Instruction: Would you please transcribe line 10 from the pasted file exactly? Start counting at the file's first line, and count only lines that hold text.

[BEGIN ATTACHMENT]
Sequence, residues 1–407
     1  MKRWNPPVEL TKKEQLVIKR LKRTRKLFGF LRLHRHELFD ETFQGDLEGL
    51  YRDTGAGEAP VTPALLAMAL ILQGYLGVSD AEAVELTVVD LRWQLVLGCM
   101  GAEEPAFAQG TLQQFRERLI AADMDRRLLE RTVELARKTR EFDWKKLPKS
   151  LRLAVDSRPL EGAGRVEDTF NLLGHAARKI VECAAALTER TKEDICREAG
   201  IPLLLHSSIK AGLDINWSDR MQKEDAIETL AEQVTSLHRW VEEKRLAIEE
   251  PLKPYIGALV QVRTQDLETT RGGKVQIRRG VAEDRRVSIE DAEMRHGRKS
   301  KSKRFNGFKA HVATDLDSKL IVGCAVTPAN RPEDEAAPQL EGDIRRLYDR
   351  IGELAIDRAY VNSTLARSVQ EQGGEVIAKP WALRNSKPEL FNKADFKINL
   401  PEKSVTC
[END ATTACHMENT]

   401  PEKSVTC